March 26, 2017
A major school construction project kicks off April 7 when Arapahoe Charter School hosts a community groundbreaking and the start of construction on a new $8.9 million facility.
It begins on the campus at 1:30 p.m. to celebrate 20 years as the area’s only public regional school of choice. The community is invited to the groundbreaking event, at 9005 N.C. 306, Arapahoe.
The project is funded by a combination of investments from Arapahoe Charter School and Tideland EMC, in addition to a USDA Rural Development loan.
“This building project means a continuation of quality education through love, genuine care and concern, and a familial atmosphere. As a student, ACS helped raise me. I was there from the conception, as both a student and a teacher’s kid,” said Jaclyn Jones, a teacher at the school.
“I have deep feelings for what ACS stands for and the positive impact it is making on students and families in Eastern North Carolina and the innovation in learning that we, as ACS, welcome from our staff, which is second to none,” said David Gaskins, who has served on ACS board of directors for eight years, five as chairman. “We have brought exceptional results, not just in Pamlico County but in Eastern North Carolina as ACS has truly become a regional school of choice that is well regarded throughout the state.”
Since 1997, Arapahoe Charter School has provided a learning environment with individualized instruction and family atmosphere that is unique among both Pamlico County and surrounding counties schools, he said.
According to school officials, “Enrollment has doubled in the 20 years since its creation, in part because its academic excellence and supportive learning environment have attracted students beyond Pamlico County.”
Of its 520 students, more than half come from outside county school systems. Five years ago, in response to parent requests, a high school program was added that would provide classes from kindergarten through high school.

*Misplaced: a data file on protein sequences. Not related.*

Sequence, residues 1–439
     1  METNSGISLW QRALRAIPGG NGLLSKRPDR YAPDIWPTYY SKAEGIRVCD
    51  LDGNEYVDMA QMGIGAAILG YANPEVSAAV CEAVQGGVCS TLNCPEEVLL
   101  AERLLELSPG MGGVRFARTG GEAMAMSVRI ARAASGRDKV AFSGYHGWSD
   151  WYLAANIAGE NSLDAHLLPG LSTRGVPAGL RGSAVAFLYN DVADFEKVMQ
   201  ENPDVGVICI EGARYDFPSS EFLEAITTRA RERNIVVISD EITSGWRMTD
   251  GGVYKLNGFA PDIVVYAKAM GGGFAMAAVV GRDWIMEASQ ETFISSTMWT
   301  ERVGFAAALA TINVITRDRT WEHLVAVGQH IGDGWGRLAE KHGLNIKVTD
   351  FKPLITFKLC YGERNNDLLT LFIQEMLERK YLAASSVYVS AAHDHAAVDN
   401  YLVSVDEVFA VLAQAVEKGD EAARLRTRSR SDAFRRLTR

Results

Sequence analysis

With a projected graduation rate of 96 percent, school programs have grown and developed, but the physical facilities have not, school officials said.
The facility will have 18 classrooms, three exceptional children’s rooms, a media center and a new cafeteria and kitchen.
When it comes to building new facilities, charter schools do not receive state or county tax dollars.
The brick-and-mortar facility will replace the 20-year-old original structure, which was a composite of relocatable modular units, with an outside façade.
The school gymnasium will not be affected by the building project.
The school gets varying amounts of local current expense funds from Pamlico, Craven and Beaufort counties, which have students enrolled. In the past, there have been students from Carteret and Jones counties. The bulk of local funding is from Pamlico County, which provides most of the students.
Planning for the new facility began as a natural progression of needing more classroom space with the gradual addition of high school grades 9 through 12, beginning in the 2011-12 school year.
The first ninth-grade was in 2012-13, with the other grades following in 2014-15 through the present.
Arapahoe is classified as a public charter conversion school.